You will want to set up a secluded room, away from other animals, for kitty to adjust to his new home. This room should have a door, litter box, water and food bowls, toys and warm bedding. If your kitty is having a problem sleeping, try wrapping a ticking clock in a blanket near his bed to remind him of his mothers heart beat. Make sure kitty has lots of blankets in his bed because their bodies are too small to retain body heat well. Always place the litter box as far away from kitty’s food as possible because even kittens don’t want to eat near their toilet!

Establish a Feeding Routine

Depending on age, kittens should be feed between 2–4 times a day. Generally speaking, if your kitten is between three and six months old you can feed him three times per day, and once he turns six months old, you can feed him twice daily. It is essential that you monitor your kitten’s eating habits to keep him healthy. A decrease in eating means you should seek medical advice.

Do not be alarmed if your new kitten is not eating or drinking right away. Be sure and have food and water available for him at all times in a calm, quiet place and eventually they will start eating and drinking. Sometimes it takes kittens a day or two to start eating due to stress.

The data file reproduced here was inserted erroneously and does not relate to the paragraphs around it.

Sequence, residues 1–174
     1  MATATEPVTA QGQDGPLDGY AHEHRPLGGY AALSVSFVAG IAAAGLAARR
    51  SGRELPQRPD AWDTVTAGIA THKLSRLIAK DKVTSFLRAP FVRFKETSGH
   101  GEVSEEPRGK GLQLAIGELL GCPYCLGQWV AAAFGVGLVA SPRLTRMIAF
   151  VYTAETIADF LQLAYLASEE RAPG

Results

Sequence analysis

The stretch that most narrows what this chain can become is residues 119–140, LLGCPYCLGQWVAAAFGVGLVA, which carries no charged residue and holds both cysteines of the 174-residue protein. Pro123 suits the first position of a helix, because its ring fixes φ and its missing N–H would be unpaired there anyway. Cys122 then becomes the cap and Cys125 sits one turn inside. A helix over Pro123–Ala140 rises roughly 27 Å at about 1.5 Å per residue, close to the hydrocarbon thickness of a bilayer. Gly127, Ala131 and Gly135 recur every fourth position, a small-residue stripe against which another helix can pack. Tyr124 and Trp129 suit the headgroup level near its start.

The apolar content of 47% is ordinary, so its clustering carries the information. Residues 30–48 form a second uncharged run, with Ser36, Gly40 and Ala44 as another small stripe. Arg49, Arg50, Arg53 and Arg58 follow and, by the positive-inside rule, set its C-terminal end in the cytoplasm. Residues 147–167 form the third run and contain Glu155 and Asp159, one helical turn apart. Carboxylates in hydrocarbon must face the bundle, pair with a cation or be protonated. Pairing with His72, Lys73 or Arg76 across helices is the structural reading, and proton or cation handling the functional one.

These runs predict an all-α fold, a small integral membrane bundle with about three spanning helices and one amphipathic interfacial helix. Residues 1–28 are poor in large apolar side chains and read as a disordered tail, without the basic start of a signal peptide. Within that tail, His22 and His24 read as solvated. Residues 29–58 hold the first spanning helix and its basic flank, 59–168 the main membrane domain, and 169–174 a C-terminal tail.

Introduce the Litter Box

Your kitten’s litter box should be placed in a secluded corner of his room and the sides should be low enough for him to get into. Anytime your kitty has finished eating, or awakened from a catnap, put him in the litter box.  If he doesn’t take to it naturally, take a paw and show him how to dig. Praise him if he uses the litter box and never punish him if he doesn’t. Use regular litter, not the clumping kind because kittens can lick and swallow the clumps causing blockages in their digestive track. When your kitten is 3 months old, they can safely use the clumping litter. Remember to keep the litter box clean to encourage your kitten in good litter box habits.


Play time is very important for your kitten’s social and physical skills. Try to provide him with gentle interaction and refrain from rough play which can lead to aggression. Offer your kitten rolling ping-pong balls, dangling feathers or  a toy on the end of a rod. Your kitten may even enjoy a laser pointer toy or remote-controlled toys. Kittens like to hide and retreat at times which makes cardboard boxes and paper bags ideal. Consider getting your kitten a scratching post made of carpet or cardboard to discourage him from using furniture or carpet. Providing the right equipment and training to your kitten will help avoid a lot of future damage and frustration.